TCM Mastering: Home Music Studio Tips and Information

Part 50 Mixing Piano

Over the last three weeks in the TCM Mastering Home Music Studio blog series, we covered Acoustic, Electric and Bass Guitars in the mix. This week we move onto the Piano.

The piano can be acoustic (grand or upright), electric or software based samples. In addition there are a number of synth keyboards on the market that contain piano presets and samples.

Always Ensure The Piano Is Properly Tuned Before Recording.

We discussed various techniques for recording the piano in this earlier blog. However, some important points worth remembering are…..make sure the instrument is properly tuned before recording, listen to how the musician plays the piano and how he/she wants it to sound whilst making sure any rattles or squeaks from pedals have been dealt with.

The sound of the piano in the mix depends on the type and make of instrument, the player, the room, the mic type and technique used and whether you recorded it in stereo or mono, close or distant? Solo concert grands can often benefit from mic placements a little distant (providing you have a decent room to record in). This allows the sound of the instrument to develop before being captured by the mics, giving a more natural stereo picture.

In A Band Scenario You Can Improve Separation By Turning The Open Piano Lid Away from The Other Instruments And Using Acoustic Panels.

Pianos in a band setup will tend to be more closely miked. To increase separation, turn the open piano lid away from the other instruments as much as possible and place acoustic screens or panels between them.

Bear in mind that even though some recording techniques employ a very close placement of mics, we rarely listen to a piano up close. So try to think about how you want the piano to sound in the mix, as you record it.

Kemble Upright, Steinway Grand & Yamaha Digital Piano.

All pianos have different tonal characteristics which means that some instruments will sound better than others for certain genres of music. It’s not a hard and fast rule. Obviously, you can use any instrument for any song type or musical piece, but some like the grand piano have come to be accepted as the instrument of choice for classical music because of its varied tone, huge pitch range and dynamic response…..the modern concert grand can span 8 octaves and go from piano (soft) to forte (loud), hence its full name – pianoforte.

Is your music mix more Jerry Lee Lewis than Chick Corea, more Diana Krall than Carole King or more Scott Joplin than Lang Lang? The choice of instrument (or sample) and playing style will go a long way to make the mix sound convincing if you’re aiming for a definitive sound. Are you emulating a certain established style e.g. honky tonk, or are you trying to create a completely new sound?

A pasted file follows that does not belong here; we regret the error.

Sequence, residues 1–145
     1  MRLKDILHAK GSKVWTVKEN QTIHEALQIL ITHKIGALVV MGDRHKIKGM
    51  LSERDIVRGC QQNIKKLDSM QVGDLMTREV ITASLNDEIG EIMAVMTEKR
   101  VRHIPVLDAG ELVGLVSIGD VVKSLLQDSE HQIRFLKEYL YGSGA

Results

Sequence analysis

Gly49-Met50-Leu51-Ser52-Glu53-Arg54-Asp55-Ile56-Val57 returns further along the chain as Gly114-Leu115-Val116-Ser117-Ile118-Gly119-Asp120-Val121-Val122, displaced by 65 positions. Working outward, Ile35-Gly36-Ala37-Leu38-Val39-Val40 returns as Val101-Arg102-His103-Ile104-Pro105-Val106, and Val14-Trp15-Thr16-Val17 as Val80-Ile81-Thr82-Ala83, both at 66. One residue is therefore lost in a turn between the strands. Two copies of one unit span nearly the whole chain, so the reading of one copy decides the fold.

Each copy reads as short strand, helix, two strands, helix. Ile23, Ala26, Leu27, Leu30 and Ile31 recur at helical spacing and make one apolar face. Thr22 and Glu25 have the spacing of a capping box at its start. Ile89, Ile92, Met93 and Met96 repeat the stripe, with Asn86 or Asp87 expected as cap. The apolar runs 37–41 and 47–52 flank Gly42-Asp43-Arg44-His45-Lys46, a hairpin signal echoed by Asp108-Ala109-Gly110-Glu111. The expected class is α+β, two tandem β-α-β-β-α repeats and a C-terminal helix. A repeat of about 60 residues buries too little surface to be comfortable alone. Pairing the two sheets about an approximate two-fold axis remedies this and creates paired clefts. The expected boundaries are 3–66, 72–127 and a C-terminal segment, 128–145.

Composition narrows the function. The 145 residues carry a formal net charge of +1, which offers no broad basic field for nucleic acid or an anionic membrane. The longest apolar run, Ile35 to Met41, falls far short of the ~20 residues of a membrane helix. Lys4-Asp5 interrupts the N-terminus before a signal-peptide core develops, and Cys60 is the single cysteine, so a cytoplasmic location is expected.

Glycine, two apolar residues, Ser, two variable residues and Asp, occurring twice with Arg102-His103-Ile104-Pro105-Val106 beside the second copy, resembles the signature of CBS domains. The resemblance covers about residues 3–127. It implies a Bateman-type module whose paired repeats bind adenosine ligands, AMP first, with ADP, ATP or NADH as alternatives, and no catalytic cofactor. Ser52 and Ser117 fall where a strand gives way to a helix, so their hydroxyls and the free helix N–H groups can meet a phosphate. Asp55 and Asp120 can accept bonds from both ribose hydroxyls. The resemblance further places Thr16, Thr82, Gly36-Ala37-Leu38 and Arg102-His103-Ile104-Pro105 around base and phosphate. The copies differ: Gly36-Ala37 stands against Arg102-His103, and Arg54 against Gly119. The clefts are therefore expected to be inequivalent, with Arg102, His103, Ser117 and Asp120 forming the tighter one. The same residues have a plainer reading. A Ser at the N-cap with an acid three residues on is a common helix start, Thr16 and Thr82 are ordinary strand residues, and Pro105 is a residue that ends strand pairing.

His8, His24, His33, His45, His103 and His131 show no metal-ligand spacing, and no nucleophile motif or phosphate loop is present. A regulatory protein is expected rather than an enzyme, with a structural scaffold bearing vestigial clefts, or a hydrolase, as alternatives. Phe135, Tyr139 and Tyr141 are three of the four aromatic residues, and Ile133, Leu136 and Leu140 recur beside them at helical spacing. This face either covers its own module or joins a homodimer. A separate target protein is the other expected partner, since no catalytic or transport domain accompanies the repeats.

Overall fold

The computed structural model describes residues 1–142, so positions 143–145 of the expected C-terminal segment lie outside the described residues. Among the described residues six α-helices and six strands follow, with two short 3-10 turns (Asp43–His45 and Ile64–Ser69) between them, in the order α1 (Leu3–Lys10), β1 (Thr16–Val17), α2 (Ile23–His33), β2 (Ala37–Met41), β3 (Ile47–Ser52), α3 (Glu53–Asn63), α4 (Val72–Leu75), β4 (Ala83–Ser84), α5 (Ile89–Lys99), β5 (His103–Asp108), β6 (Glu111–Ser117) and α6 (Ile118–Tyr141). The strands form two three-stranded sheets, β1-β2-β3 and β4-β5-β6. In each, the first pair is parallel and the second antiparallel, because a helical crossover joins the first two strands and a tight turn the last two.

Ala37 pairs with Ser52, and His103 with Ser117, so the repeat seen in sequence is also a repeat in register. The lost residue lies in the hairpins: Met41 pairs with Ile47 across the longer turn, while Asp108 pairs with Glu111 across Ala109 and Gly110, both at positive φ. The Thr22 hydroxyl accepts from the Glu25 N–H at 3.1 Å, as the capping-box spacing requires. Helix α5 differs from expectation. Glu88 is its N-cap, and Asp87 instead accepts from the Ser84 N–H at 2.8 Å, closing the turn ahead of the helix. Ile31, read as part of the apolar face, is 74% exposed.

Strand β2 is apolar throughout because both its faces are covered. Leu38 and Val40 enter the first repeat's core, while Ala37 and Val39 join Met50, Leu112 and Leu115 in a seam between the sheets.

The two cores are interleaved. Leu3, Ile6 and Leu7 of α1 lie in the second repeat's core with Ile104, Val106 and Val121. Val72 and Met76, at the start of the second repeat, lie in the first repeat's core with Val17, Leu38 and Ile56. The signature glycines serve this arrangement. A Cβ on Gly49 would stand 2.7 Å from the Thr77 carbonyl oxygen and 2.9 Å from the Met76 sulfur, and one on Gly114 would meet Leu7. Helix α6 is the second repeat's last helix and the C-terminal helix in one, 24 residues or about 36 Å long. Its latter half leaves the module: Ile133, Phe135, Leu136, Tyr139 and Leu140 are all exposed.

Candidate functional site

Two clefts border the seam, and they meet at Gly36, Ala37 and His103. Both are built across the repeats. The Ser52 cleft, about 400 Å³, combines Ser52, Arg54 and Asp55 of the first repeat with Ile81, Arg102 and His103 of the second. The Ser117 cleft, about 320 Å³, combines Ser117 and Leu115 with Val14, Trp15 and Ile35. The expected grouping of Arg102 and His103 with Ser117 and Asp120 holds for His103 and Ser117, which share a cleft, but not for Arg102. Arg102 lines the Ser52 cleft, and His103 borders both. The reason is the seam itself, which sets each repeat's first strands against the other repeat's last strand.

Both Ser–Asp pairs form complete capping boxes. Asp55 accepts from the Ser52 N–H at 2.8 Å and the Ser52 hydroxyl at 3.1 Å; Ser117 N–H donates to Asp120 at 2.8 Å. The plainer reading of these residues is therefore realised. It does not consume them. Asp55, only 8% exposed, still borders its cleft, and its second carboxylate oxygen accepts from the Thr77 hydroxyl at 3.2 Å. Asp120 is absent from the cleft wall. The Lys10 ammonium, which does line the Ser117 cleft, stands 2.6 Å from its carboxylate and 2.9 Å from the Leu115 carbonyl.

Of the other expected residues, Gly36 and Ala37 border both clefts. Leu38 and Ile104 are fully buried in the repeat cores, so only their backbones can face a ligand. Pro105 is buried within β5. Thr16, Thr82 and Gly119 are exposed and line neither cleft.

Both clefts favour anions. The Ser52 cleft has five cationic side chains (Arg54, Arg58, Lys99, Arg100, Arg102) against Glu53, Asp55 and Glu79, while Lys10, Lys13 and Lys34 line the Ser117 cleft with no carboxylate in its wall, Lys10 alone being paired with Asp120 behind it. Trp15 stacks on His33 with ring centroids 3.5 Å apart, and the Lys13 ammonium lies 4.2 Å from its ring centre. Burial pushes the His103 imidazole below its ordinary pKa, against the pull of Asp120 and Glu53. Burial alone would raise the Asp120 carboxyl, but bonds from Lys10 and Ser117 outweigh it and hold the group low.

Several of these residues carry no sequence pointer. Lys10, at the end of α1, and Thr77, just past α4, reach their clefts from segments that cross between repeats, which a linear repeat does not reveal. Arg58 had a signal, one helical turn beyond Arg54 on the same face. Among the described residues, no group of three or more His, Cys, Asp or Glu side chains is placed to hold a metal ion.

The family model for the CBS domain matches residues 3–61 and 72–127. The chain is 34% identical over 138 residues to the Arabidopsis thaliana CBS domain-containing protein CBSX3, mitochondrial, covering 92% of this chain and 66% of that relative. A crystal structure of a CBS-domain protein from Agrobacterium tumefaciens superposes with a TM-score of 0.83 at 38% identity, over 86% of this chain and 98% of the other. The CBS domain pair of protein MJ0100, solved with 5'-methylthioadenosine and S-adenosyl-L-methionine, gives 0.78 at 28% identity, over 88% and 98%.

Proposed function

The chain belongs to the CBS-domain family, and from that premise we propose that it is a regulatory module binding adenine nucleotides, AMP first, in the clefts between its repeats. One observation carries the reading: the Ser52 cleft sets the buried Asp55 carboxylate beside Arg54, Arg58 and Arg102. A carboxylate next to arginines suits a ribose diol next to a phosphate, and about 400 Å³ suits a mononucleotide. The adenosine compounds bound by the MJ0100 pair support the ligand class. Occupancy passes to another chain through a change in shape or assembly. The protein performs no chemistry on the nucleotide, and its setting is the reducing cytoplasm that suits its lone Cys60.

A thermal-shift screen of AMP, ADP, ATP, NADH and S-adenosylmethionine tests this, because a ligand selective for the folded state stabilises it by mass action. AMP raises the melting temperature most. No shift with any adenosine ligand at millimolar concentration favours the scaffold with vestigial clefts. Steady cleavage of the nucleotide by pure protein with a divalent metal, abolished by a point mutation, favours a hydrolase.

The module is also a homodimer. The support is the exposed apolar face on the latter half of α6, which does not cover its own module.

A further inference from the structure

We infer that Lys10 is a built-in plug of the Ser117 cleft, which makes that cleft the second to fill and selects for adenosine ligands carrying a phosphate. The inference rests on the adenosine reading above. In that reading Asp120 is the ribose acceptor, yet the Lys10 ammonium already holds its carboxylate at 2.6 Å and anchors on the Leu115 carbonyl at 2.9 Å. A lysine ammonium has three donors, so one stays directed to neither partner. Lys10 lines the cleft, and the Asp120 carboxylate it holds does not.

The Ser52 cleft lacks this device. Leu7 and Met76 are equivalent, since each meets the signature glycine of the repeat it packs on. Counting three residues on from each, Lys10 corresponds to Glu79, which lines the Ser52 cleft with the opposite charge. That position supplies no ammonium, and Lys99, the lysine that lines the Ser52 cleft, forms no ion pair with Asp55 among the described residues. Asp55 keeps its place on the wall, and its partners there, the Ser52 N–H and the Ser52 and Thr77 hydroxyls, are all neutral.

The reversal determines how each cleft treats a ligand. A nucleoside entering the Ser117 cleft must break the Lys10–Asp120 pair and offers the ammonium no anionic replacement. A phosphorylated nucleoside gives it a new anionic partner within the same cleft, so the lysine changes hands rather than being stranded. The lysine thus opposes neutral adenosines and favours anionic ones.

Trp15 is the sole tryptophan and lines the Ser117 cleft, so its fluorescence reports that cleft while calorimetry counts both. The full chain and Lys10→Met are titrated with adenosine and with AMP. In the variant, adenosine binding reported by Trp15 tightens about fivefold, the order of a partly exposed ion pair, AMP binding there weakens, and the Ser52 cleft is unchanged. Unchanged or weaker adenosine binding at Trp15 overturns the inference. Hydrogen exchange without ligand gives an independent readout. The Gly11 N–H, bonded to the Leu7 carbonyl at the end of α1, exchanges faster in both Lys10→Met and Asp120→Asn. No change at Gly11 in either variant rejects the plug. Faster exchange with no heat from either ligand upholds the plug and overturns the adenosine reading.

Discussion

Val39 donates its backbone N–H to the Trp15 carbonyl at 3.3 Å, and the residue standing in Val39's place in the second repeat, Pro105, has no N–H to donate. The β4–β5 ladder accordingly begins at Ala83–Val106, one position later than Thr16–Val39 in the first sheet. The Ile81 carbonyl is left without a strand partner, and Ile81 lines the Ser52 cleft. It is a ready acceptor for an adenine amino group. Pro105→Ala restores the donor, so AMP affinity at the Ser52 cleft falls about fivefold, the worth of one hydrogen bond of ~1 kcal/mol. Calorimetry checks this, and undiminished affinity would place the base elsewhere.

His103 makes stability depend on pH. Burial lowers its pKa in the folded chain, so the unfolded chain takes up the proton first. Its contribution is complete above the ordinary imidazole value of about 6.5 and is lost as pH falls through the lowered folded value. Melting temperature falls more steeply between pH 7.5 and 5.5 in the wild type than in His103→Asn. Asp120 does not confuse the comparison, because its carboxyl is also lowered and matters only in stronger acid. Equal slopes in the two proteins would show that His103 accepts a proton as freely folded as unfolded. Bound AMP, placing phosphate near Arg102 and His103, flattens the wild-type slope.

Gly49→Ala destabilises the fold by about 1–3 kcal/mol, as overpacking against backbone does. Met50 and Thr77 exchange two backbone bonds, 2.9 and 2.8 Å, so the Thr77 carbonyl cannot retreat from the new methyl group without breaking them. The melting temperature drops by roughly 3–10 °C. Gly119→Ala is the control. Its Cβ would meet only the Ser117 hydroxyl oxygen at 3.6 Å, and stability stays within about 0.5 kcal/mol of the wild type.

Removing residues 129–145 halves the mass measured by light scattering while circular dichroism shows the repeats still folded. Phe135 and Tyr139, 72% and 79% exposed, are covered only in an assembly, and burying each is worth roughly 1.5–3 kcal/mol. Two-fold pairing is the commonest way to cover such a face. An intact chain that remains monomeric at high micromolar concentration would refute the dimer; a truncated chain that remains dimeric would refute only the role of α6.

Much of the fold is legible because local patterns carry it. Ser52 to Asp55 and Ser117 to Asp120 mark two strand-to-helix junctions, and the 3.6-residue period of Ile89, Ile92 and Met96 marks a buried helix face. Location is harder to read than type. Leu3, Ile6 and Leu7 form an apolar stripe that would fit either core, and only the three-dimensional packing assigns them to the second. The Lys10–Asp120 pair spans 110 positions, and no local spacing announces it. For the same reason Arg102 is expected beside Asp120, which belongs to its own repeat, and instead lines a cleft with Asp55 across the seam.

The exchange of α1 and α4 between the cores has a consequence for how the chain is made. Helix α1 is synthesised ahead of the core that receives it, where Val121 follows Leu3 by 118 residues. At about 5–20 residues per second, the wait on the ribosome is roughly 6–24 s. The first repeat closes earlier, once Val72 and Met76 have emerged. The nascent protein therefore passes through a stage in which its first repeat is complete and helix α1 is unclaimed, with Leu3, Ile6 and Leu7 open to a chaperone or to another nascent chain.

The role of a piano in a mix depends greatly on whether the instrument is the main focus of attention or if it’s merely a supportive instrument along with others to the lead vocal, for example. If you recorded the piano in stereo, how wide and where you pan the piano will depend upon what else is going on in the mix.

Panning The Piano Wide Across The Stereo Image, Can Result In A Distracting, Sometimes Gimmicky Effect.

In a classical setting, the solo piano is rarely given a very wide stereo pan. If the piano is a solo instrument or the only instrument in a rock song you could try panning it, say 11 to 1 or 10 to 2 o’ clock. Panning hard left and right could be very distracting to the listener.

Remember, imaging that sounds subtle over a pair of speaker monitors can become much more extreme over headphones. And many people listen to their music over headphones these days from laptops and iPods etc.

In budget consoles, different pan pots can often vary by up to 10 per cent in their accuracy when setting their positions visually. So, for example, a 10 to 2 o’ clock position visually could actually be more like a 10 to 3 o’ clock spread aurally. Therefore, it’s very important to position your instruments in the stereo picture using your ears and not your eyes.

12 Segment LED Metering – Always Mix With Your Ears And Not Your Eyes.

The same applies to level meters. With budget LED ladder metering you could be persuaded into thinking that two meters peaking to the same visual level are the same aurally…’re more than likely to be wrong. Each LED step or segment could account for several dB gain. So mix levels with your ears too and not your eyes.

If it’s a supportive instrument you could try panning slightly left and right (from say 11 to 1 o’ clock) either side of the lead instrument or vocal. Positioning it in the centre could pose a problem if there is a lead vocal. In this scenario it might sound less confusing if it’s positioned left or right in mono.

And always check for any phase problems if you use more than one mic on the instrument.

Listen to various panning options, compare how the piano is treated on some of your favourite songs and seek feedback from other musicians.

EQ On A Bosendorfer Featuring Piano, Choir & Strings.

When it comes to applying EQ to a piano sound, some instruments will be naturally brighter than others. So you have to use your ears and judgement to determine if the piano needs help in the upper frequencies or suppressing. This applies equally to acoustic, electric or samples.

For example, acoustic pianos vary greatly from one manufacturer to the next. The dampers, hammers and types of strings all contribute to the sound. Some instruments are bright whilst others could sound dull in comparison.

EQ On A Steinway In A Busy Rock Mix – The Severe Bass Cut Sounded A Bit Harsh In Isolation But Worked Well In The Mix.